The Thai stick his is how international soldiers were introduced to Thailand’s sacred and special breed of marijuana during the Vietnam War. Eventually making its way back to the mainland, it’s believed the first Thai marijuana to reach the United States came via the Army Post Office in the 1960’s. “One amazed DEA agent called it ‘the Cuban cigar of the marijuana world,'” The Diplomat wrote.
Trading the stick for a well-regulated carrot
Thailand’s marijuana culture was allowed to do its own thing until 1934 when the country enacted their Marijuana Act. Perceived as mild legislation, penalties for any amount of the plant could not exceed one year in prison under the new laws. It was with this law that American officials were quick to castigate Thai leaders for “tolerating” cannabis.
Things tightened up for marijuana in 1979 when Thailand passed their own Narcotics Act. Prohibiting cannabis use in all its forms, anyone caught producing, exporting, or importing Thai weed under the new laws were subject to between 2 -15 years of imprisonment, and fines up to $40,000.
Though Thailand’s recent move may surprise casual observers, the shift towards more lenient marijuana policies has been years in the making. In 2016, Thailand’s Justice Minister Paiboon Koomchaya surprised many when he called for the government to decriminalize and regulate marijuana and krathom, a plant native to Thailand with opiate-like effects. Koomchaya called for the changes because, in his view, the strict laws failed to curb the use of the two drugs.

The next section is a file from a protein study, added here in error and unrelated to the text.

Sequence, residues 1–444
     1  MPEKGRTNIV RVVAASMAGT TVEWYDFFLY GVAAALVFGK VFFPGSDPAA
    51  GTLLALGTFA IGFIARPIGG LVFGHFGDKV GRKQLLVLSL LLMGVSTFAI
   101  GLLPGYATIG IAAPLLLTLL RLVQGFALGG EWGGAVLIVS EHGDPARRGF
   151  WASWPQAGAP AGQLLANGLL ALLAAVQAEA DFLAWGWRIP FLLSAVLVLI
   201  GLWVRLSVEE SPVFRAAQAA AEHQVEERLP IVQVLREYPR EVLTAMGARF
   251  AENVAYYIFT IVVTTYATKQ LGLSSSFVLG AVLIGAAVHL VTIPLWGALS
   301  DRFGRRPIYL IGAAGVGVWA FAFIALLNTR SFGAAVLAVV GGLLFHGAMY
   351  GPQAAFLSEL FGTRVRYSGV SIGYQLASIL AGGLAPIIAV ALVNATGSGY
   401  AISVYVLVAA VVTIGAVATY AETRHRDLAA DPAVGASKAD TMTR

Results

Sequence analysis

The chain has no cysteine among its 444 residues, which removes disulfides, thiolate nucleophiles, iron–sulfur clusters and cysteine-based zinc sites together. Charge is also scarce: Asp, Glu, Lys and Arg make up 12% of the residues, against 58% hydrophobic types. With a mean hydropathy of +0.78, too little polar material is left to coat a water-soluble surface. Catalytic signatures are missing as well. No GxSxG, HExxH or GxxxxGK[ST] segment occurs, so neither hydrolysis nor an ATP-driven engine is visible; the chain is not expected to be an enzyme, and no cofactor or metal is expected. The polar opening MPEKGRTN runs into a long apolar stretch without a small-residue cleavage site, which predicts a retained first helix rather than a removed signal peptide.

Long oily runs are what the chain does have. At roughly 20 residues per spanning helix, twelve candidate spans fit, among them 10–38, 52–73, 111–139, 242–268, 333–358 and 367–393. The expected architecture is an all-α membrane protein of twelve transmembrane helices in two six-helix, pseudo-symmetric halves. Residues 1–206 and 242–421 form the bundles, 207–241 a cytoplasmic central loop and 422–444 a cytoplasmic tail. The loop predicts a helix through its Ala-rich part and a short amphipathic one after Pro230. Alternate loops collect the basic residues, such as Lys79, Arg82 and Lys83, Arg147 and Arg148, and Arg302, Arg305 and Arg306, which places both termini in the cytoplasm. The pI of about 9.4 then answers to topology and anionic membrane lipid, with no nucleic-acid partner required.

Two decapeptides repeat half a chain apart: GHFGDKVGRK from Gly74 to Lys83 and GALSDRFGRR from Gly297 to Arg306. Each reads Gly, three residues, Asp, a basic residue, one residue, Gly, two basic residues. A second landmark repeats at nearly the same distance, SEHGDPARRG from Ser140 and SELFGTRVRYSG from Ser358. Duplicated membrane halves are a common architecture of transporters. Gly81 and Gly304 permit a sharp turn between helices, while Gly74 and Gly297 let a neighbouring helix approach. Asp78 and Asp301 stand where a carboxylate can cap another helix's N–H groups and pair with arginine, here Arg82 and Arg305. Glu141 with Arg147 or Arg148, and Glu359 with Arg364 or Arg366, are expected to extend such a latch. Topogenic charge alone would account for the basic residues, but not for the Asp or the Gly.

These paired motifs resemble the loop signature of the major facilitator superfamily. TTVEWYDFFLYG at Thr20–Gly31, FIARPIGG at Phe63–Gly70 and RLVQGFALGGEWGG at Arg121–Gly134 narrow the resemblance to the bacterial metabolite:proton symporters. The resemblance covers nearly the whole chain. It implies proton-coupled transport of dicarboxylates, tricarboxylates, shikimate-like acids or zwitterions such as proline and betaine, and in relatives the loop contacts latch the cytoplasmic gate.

The reversal of Thailand’s policies proves how the war on drugs is often far costlier than the drugs themselves. Thailand has the sixth-largest prison population in the world and the largest in Southeast Asia, largely due to drug incarcerations. In 2003, the country began a “war on drugs” that claimed thousands of lives and led to over 50,000 arrests in just a few months.
Thailand’s history with drugs, including marijuana, was at times violent and bloody. The Human Rights Watch highlighted the crackdown at the time as a grave threat to democratic rule of law in the country. Similar crackdowns have followed throughout the region, most recently in the Philippines where President Rodrigo Duterte’s police forces have killed over 12,000 people in the last two years.
The policy shifts in both Thailand and South Korea towards legal medical cannabis reflect the burgeoning realization that it is a health and wellness issue, not a criminal justice issue. Though both countries maintain a hardline stance towards recreational marijuana use, the legalization of medical marijuana will help change the narrative around cannabis in those countries.
As the U.S. goes, so goes the world
Unlike the U.S., which has seen increasing support for recreational marijuana use throughout the years, the citizens of Thailand and many other Asian countries remain, for the most part, against marijuana use. This is largely due to the influence of the United States.